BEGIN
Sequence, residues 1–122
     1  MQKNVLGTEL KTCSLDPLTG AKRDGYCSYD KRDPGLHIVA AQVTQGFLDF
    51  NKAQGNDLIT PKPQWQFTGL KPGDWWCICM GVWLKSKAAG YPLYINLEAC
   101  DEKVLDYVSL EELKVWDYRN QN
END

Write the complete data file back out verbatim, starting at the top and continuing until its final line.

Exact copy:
Sequence, residues 1–122
     1  MQKNVLGTEL KTCSLDPLTG AKRDGYCSYD KRDPGLHIVA AQVTQGFLDF
    51  NKAQGNDLIT PKPQWQFTGL KPGDWWCICM GVWLKSKAAG YPLYINLEAC
   101  DEKVLDYVSL EELKVWDYRN QN